According to the formal complaint before the court, Plaintiff Multiplayer Network Innovations, LLC ("MNI") alleges that Apple has infringed and continue to infringe the MNI patent 5,618,045 by, among other things, making, using, offering for sale, and/or selling multiple player game systems and/or services covered by one or more claims of the MNI patent.


Such products and/or services include, by way of example and without limitation the iPhone lines of smartphones, the iPhone line of smartphones, the Apple TV Media player, and the iPad line of tablets, the use of which are covered by one or more claims of the MNI patent, including but not limited to claim 1. By making, using, offering for sale, and/or selling such products and services covered by one or more claims of the MNI patent, Defendant has injured MNI and is liable to MNI for infringement of the MNI patent.


Upon information and belief, Apple had knowledge of the '045 patent since at least as early as 2008.


The patent infringement case presented in today's report was filed in the Texas Eastern District Court, Marshall Office. The Presiding Judge in this case is noted as being Judge Rodney Gilstrap.


A Note about Patent Trolls and Action Being Taken


A 2011 study showed that Patent Trolls cost tech companies $29 Billion and a 2012 study made the case that patent trolling was out of control. In the first half 2013, Apple remained the #1 Target of Patent Trolls. In the second half of 2013 Apple remained in the top three.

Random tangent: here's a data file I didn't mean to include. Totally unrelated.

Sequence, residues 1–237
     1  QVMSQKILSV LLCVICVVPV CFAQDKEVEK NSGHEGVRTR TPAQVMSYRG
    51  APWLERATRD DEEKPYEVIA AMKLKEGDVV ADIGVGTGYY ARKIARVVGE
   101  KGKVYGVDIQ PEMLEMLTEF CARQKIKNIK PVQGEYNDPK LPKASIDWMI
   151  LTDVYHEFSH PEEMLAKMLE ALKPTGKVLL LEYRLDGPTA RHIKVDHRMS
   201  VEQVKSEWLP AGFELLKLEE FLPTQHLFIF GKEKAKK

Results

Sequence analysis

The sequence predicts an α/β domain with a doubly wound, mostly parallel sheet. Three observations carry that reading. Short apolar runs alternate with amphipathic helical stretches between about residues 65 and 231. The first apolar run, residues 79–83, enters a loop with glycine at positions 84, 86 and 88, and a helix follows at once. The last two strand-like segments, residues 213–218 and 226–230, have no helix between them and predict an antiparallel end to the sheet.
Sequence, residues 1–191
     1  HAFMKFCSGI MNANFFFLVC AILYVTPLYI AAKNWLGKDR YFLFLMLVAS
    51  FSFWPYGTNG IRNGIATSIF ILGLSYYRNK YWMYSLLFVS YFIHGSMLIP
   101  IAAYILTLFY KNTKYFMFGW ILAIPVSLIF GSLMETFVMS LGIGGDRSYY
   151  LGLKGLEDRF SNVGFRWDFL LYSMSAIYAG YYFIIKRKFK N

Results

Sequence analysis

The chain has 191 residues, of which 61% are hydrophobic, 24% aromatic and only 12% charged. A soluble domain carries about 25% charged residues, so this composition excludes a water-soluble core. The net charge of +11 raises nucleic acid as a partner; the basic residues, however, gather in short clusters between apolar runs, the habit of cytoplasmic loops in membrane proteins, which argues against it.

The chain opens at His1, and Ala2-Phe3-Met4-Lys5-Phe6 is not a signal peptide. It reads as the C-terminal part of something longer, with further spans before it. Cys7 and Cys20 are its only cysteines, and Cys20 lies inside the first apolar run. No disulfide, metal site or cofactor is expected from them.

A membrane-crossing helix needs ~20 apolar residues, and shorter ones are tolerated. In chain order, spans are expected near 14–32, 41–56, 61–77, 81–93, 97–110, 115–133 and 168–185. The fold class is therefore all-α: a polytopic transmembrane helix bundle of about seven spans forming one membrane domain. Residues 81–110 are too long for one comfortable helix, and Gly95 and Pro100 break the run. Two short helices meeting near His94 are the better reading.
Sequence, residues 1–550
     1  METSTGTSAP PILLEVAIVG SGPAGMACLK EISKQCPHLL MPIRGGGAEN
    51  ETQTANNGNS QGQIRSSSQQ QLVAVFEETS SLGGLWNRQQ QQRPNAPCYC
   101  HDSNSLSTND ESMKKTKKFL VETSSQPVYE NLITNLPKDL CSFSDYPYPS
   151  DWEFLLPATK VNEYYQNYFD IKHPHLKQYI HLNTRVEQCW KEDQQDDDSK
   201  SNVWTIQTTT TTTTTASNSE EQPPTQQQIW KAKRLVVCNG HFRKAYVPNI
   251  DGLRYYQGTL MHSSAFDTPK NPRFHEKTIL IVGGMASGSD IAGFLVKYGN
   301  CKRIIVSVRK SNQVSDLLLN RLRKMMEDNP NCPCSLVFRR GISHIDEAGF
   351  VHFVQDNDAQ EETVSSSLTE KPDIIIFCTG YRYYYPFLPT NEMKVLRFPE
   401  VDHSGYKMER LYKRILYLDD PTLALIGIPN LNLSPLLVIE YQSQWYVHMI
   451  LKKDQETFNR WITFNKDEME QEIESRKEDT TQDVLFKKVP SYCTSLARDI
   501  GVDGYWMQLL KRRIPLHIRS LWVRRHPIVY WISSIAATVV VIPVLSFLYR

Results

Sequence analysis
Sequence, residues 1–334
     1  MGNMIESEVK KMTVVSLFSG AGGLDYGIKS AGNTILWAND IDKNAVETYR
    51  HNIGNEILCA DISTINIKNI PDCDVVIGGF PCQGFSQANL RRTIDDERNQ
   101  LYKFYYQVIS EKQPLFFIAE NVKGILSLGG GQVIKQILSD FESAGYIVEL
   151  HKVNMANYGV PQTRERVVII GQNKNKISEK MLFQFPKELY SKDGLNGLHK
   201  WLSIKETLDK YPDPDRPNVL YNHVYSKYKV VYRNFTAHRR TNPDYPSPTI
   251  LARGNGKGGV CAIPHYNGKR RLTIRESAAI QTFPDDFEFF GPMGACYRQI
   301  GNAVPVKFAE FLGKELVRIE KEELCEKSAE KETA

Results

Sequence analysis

On December 5, 2013, The US House of Representatives overwhelmingly passed the "Innovation Act" bill on Thursday aimed at discouraging frivolous lawsuits by patent holders. The move was backed by companies like Apple, IBM, Cisco and Google. House Judiciary Committee Chairman Bob Goodlatte (R., Va.) sponsored the bill, which won strong bipartisan support in passing by a 325-91 vote. Goodlatte said his bill "takes meaningful steps to address the abusive practices that have damaged our patent system and resulted in significant economic harm to our nation."


In Addition to the new act, the FTC is currently examining the practices of patent trolls or Patent Assertion Entities (PAEs) which are firms with a business model based primarily on purchasing patents and then attempting to generate revenue by asserting the intellectual property against persons who are already practicing the patented technologies. The FTC is conducting the study in order to further one of the agency's key missions—to examine cutting-edge competition and consumer protection topics that may have a significant effect on the U.S. economy.


130. PA - Bar - NoticePatently Apple presents only a brief summary of certain legal cases/ lawsuits which are part of the public record for journalistic news purposes. Readers are cautioned that Patently Apple does not offer an opinion on the merit of the case and strictly presents the allegations made in said legal cases / lawsuits. A lawyer should be consulted for any further details or analysis. About Comments: Patently Apple reserves the right to post, dismiss or edit comments. On most legal cases, comments will be closed. See our Legal Archives for other patent infringement cases.